b. Feature Extraction: After preprocessing the text data, we need to extract relevant features that can be used to train the Naive Bayes algorithm. Bag of words is a popular technique used to represent the text data as numerical features. This involves creating a vocabulary of unique words that appear in the text data and then counting the frequency of each word in each document. TF-IDF is another technique that assigns weights to each word based on its importance in the document and its frequency in the corpus.
c. Train-Test Split: Once the feature extraction is complete, we split the preprocessed data into a training set and a test set. The training set is used to train the Naive Bayes algorithm, while the test set is used to evaluate the model's performance. A typical split is 80:20 or 70:30, where the larger portion of the data is used for training.
d. Model Training: We train the Naive Bayes algorithm on the training set by estimating the probability distribution of each feature for each class. This involves calculating the prior probabilities of each class and the likelihood of each feature given each class. The Naive Bayes algorithm assumes that the features are conditionally independent given the class label, which simplifies the computation and reduces the risk of overfitting.
e. Model Evaluation: Once the model has been trained, we evaluate its performance on the test set using metrics such as accuracy, precision, recall, and F1 score. Accuracy measures the proportion of correctly classified instances, while precision measures the proportion of true positives among the instances that were classified as positive. Recall measures the proportion of true positives among all the instances that actually belong to the positive class. F1 score is the harmonic mean of precision and recall and is used to balance the trade-off between them.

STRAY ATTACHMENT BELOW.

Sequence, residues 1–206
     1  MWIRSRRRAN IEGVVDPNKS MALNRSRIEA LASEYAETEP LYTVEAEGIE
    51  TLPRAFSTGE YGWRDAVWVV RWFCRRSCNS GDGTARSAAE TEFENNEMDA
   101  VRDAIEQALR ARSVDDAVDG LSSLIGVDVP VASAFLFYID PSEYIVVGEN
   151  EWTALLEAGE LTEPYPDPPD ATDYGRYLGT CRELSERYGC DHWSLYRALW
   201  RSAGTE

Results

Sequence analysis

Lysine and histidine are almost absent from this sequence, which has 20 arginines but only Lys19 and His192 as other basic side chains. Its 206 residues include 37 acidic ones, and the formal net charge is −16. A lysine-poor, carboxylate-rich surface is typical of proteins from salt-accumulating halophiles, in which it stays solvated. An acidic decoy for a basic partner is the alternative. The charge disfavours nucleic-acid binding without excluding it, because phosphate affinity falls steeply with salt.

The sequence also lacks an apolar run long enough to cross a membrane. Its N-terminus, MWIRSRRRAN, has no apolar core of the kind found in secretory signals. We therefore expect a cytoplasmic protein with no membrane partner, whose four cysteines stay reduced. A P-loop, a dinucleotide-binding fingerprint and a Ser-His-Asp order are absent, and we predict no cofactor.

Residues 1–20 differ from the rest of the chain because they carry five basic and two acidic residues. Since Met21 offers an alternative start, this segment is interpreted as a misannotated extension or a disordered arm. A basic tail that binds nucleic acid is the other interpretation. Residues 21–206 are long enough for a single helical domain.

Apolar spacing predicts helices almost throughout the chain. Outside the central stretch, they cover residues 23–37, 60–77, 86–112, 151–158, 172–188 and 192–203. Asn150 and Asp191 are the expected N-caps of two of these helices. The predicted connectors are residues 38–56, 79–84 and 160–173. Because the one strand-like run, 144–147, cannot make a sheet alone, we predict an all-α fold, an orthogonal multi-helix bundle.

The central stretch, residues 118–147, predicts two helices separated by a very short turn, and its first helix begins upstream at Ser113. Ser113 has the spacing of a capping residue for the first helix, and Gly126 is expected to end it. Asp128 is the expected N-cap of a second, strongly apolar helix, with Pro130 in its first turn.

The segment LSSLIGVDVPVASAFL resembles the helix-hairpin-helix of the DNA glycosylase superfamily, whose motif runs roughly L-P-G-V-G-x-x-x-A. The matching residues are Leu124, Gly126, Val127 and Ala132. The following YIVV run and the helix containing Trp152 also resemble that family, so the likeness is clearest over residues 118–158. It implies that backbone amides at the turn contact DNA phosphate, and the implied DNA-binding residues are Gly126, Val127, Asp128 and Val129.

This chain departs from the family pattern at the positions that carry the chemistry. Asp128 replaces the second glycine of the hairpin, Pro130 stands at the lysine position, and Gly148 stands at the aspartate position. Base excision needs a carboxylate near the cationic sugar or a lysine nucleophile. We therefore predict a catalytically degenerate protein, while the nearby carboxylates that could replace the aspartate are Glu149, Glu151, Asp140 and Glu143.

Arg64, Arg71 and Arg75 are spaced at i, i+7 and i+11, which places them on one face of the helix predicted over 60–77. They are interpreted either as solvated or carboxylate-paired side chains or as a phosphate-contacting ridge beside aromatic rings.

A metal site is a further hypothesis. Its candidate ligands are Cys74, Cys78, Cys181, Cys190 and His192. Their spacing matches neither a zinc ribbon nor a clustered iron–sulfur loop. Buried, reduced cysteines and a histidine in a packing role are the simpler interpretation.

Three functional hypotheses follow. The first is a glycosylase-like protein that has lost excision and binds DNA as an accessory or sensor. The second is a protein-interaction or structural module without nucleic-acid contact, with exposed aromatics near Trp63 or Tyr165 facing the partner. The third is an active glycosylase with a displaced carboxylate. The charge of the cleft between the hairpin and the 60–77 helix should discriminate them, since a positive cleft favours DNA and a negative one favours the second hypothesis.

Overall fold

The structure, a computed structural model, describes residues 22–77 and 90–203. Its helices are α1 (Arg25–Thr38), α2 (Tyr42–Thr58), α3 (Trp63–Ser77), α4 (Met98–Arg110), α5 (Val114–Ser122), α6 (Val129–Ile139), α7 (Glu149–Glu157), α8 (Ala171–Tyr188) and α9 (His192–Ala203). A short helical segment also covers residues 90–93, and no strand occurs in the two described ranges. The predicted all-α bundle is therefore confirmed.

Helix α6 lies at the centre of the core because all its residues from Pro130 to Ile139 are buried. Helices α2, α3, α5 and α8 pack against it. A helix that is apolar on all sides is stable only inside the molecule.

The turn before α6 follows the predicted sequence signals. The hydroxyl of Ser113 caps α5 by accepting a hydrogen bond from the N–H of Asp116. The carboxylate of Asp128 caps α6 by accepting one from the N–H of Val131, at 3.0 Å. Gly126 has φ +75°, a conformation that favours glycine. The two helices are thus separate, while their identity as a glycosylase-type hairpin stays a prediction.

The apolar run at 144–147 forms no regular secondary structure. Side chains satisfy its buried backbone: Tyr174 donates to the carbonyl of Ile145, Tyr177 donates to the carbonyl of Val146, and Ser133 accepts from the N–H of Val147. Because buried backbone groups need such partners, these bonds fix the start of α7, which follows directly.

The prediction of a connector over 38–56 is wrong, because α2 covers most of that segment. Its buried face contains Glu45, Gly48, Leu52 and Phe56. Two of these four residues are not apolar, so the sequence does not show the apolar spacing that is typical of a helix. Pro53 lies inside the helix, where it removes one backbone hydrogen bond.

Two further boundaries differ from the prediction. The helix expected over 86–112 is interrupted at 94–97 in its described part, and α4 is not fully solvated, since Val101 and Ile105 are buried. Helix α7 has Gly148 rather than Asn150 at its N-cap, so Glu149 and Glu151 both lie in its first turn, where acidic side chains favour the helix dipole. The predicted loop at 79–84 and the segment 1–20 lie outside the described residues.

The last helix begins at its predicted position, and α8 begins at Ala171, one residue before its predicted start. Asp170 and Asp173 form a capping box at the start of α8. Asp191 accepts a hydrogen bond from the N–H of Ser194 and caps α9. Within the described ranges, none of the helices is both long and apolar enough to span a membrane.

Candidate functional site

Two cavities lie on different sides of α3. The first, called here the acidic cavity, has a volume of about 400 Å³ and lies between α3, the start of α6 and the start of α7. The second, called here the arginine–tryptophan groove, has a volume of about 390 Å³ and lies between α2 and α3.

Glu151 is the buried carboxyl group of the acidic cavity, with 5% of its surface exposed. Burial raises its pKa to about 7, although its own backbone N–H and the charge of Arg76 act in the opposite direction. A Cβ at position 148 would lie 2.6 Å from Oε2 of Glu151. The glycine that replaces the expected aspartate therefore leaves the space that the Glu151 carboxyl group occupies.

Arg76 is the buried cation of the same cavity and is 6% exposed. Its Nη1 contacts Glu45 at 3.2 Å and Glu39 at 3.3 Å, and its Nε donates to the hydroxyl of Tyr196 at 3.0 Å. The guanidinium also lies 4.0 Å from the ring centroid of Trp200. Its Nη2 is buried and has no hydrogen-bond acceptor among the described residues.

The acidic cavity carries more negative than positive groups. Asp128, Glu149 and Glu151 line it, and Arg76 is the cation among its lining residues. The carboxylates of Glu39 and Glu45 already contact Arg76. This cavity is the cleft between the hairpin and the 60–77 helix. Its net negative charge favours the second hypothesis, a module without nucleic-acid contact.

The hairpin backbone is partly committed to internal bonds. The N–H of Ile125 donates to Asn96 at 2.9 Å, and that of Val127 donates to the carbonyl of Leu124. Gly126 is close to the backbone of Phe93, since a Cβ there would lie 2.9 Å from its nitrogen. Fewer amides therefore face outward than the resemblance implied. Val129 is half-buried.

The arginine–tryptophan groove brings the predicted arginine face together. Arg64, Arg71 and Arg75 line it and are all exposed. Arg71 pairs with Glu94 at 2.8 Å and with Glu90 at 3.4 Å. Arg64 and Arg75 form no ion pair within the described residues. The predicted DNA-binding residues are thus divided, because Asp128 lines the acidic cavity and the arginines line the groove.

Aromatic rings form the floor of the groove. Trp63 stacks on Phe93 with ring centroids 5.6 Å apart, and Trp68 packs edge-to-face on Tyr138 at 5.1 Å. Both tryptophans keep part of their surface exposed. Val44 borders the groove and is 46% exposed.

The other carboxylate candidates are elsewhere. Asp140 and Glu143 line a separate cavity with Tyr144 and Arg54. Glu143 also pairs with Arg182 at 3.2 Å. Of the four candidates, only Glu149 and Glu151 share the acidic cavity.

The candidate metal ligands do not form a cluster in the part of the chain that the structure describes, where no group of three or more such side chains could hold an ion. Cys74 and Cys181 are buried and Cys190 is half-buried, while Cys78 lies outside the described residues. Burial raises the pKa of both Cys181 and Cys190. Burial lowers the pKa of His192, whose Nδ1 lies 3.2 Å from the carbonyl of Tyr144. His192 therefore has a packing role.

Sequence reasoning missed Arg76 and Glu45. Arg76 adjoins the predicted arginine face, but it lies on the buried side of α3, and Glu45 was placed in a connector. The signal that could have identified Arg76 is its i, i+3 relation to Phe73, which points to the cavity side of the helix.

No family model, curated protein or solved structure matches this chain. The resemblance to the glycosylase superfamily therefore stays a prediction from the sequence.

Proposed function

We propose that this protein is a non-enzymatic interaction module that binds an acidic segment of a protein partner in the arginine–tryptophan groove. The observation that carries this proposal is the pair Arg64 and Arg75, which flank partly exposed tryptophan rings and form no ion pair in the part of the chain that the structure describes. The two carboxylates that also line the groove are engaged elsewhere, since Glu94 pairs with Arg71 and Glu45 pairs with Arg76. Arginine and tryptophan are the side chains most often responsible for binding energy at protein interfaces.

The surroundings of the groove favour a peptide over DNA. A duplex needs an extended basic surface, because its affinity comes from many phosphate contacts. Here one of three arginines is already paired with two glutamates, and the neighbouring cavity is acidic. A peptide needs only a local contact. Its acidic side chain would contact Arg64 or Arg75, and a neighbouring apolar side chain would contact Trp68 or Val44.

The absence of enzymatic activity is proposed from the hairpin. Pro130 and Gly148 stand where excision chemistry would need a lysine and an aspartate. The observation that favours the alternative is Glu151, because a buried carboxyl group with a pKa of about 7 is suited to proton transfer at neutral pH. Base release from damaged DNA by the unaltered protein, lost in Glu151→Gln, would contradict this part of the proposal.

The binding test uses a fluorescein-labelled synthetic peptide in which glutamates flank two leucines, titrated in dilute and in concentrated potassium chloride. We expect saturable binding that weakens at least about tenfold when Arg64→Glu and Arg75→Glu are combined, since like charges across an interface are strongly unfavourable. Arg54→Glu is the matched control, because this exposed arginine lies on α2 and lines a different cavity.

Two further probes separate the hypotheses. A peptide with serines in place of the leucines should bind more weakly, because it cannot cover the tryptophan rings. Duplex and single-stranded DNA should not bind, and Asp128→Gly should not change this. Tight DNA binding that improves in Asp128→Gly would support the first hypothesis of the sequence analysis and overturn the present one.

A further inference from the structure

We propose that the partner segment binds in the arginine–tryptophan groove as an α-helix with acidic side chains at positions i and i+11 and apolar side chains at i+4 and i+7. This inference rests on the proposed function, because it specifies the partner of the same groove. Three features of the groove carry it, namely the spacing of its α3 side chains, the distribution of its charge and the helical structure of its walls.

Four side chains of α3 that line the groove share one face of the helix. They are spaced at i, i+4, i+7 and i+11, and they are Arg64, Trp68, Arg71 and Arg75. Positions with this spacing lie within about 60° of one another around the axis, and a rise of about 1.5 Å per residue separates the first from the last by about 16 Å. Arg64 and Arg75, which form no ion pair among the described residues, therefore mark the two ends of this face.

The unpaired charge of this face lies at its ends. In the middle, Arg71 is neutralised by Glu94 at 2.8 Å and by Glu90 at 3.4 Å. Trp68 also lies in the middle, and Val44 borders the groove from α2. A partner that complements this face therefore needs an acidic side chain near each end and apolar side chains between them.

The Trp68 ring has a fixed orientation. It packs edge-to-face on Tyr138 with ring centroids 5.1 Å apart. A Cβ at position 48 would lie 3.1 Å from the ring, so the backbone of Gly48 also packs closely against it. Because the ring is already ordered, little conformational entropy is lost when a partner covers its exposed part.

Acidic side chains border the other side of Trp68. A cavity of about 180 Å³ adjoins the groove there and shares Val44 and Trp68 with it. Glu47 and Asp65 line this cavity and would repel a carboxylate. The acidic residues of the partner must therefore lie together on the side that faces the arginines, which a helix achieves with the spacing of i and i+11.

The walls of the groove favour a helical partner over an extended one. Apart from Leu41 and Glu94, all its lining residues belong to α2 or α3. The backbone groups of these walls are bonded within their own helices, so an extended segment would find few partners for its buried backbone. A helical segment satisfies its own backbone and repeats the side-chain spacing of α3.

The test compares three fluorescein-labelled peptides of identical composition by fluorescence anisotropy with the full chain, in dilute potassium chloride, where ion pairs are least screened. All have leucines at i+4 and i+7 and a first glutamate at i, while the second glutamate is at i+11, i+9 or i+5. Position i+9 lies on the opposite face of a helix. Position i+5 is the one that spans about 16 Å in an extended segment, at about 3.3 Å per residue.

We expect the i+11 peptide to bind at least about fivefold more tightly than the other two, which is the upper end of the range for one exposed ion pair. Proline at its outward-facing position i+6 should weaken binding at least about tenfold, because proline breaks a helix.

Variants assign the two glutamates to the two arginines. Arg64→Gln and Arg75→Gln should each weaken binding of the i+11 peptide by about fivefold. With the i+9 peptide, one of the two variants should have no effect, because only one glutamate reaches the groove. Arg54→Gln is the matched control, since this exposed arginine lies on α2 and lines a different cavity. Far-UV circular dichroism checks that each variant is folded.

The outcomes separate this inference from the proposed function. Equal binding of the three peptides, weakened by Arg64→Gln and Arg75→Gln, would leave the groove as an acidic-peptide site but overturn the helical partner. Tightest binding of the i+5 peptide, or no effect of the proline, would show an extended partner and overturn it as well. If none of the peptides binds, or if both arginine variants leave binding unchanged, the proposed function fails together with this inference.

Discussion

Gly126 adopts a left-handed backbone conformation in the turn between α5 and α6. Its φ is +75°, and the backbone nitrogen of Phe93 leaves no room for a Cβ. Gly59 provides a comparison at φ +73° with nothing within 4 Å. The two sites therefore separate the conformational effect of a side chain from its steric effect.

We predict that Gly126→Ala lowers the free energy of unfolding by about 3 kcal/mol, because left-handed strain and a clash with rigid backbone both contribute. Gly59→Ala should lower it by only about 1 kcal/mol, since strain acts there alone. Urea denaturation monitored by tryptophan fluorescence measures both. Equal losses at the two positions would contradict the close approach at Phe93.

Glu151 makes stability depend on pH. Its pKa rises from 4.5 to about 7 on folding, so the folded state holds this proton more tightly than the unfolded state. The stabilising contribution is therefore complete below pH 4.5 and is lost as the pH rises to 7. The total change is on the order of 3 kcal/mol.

f. Hyperparameter Tuning: We can fine-tune the Naive Bayes algorithm's performance by adjusting its hyperparameters. This involves using techniques such as grid search or random search to find the optimal combination of hyperparameters that produce the best performance. The hyperparameters that can be tuned include the smoothing parameter alpha, the feature selection method, and the feature weighting method.
g. Prediction: Once the Naive Bayes algorithm has been trained and tuned, we can use it to make predictions on new text data. This involves preprocessing the new text data and feeding it into the trained model to predict the class label of the new data. The predicted class label can be used to make decisions or recommendations based on the text data.